I like maps. They give me a sense of control, a bird’s-eye view of my options in which I ultimately get to decide which way I’ll go, as well as Plan B and C, just in case. It’s a spatial thing, really. I just don’t like being lost, and feel disoriented if I don’t have a broad aerial sense of things.
I remember my enthusiasm way back when my kids were in fourth grade and had to map out our neighborhood. Such a simple task, I imagined the light-bulb coming on as they saw their surroundings organized for the first time on a map of their own making, a sudden sense of order to the sidewalks, intersections, parks, neighboring buildings and shops. One of the first steps on the path to independence in a big city.
The GPS on my phone has conveniently replaced the old map of Buenos Aires that I used to constantly stop to unfold, always getting tangled up in its tattered, scotch-taped sections. This new technology naturally suits me. I use the GPS much like a paper map, planning my route before I leave, but with the added ease of being able to check my location if I lose my way, no willy-nilly unfolding required. However, there is one function that I hate: the voice option. Suddenly, my trusty map morphs into someone else telling me where to go. It makes me crazy.
Case in point: L. has recently gotten his driver’s license, so he asks to drive often. F. and a friend needed to make an early Saturday morning pick-up, so he volunteered, meaning I would have to go along for the ride since he’s still not driving alone. I was groggy and hadn’t had my coffee, so didn’t think to check the map before leaving. I knew we were going somewhere in Devoto, so thought: Avenida San Martin, and the kids will have the exact address. The following scene ensued.
“Does anybody have the address?”
“I’m turning my GPS on,” says F. from the back seat.
“OK, but give me the address so I can map it. Turn right at the next light onto San Martin,” I say.
Right at that moment, a different voice with a California-neutral accent issues from the back seat, “Continue straight, on &*%^&Y.”
“Mom, the GPS said to keep straight. Why did we turn?”
“Because this is the way to Devoto.”
“Turn left, onto $^%&D$,” the GPS says as we continue up San Martin, now fully into Metrobus construction chaos.
“Don’t turn left. What the hell is she saying? Why do you have it set to English? She can’t pronounce the street names right! I have no idea what she’s saying, just give me the address now.”
“Turn left – Gire a su izquierda y vuelve,” now the GPS was a Spaniard.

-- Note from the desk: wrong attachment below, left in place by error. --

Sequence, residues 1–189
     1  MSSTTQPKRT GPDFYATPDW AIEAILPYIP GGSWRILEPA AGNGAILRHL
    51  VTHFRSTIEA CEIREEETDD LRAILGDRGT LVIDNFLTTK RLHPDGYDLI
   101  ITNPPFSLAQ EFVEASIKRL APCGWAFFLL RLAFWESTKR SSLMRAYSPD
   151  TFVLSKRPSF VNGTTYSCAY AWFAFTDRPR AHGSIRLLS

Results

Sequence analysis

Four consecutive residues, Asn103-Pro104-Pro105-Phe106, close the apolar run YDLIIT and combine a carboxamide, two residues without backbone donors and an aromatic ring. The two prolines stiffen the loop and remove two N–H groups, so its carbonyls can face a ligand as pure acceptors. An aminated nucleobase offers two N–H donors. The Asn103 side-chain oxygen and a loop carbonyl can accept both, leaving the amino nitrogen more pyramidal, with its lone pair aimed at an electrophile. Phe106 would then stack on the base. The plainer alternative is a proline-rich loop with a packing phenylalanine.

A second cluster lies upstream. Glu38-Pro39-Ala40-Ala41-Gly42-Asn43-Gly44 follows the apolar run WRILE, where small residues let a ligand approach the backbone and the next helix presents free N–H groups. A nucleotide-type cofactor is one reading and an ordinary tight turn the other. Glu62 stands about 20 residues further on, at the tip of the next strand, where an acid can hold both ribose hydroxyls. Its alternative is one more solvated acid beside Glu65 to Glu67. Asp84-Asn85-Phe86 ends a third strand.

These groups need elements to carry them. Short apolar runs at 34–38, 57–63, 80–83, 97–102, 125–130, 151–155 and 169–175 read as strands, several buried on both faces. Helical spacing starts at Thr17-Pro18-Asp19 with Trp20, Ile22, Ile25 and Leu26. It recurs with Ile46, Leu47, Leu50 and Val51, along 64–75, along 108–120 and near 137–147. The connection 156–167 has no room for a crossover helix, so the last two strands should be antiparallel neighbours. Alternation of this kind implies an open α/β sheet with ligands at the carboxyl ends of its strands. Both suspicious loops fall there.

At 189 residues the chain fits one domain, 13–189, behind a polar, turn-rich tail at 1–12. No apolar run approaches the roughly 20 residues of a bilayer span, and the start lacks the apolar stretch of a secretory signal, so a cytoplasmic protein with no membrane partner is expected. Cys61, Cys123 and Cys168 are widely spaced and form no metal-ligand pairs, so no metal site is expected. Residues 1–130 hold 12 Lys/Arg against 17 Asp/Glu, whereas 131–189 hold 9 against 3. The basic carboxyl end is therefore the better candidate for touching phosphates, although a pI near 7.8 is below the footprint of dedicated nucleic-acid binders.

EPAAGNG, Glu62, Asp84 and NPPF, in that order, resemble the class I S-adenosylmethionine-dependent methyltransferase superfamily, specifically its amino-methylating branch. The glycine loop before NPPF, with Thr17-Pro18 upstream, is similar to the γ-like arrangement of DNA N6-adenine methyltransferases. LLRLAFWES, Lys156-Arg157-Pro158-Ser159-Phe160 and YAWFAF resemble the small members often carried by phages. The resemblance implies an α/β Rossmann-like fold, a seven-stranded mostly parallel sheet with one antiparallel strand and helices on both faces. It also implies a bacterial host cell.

F. gives me the address. “Oh no, my phone is dead. Give me yours so I can see. I need a visual! Watch out for the cars on the right! And don’t turn left!” Full-blown PMS joined forces with GPS lady at that point.
The two girls are frantically texting in the back. As the española continues to bark out orders to turn left at every intersection, Fiona says, “Why don’t you just do what the GPS says, Mom?”
“Because you can’t turn left on two-way avenues in the city of Buenos Aires! She obviously doesn’t know that. You have to turn right to go left.”
“Stop calling it a she. It’s not a real person,” F. finally hands me the phone.
“Gire a su izquierda—“
“Shut up, gallega de mierda!” I bark at the GPS woman. To L. I say,:”Do not turn left, whatever you do. You have to turn right and then come back across.”
He says, “Calm down, Mom. The GPS is updated, so I think we should follow it. You have to trust the technology.”
“NEVER when there’s construction or on two-way streets. She can’t possibly know!”
“Not a person, Mom…” he says as he tries out the accelerator on the bridge.
“Slow down!” I yell, while grabbing the armrest on one side, my other hand pressed hard on the ceiling of the car. “Why didn’t I just check the map before we left? You have to have a plan before driving into unknown territory. I know this. Turn right!”
We finally get across San Martin Ave. and are presumably somewhere in Devoto. We come to a railroad crossing and I say, “Turn here.” He turns left. It’s a two-way street. Luckily the oncoming traffic isn’t closer. I go completely berserk.
“You see! You see what happens? I meant turn right, but she has burned it into your brain to turn left! There is a universal law according to which you can never, EVER turn left on avenues in Buenos Aires without a turn arrow.”
“Ok, Mom,” he says as we finally find the address and he handily parallel parks. “I think you need to get out and take a walk around the block.”
It is hard to describe the anxiety over having your kid behind the wheel of a car in a mega city; it’s a lethal mix of the instinct to protect your child and the knowledge that they’re on their way, surrounded by imminent danger but don’t need or want you telling them how to maneuver. You have no control. Despite my mounting hysteria, the construction, the traffic and contradictory orders from me and the GPS women, in addition to the fact that his girlfriend had witnessed my meltdown, he had driven carefully and skillfully and kept calm. How did we get to this point?
Although I would like to think we have provided them with the basic tools to find their way, I know that their coordinates are different from mine. Writing this today, their very last day of high school, I am reminded that there was no map to get us here, and yet… here we are, safe and sound.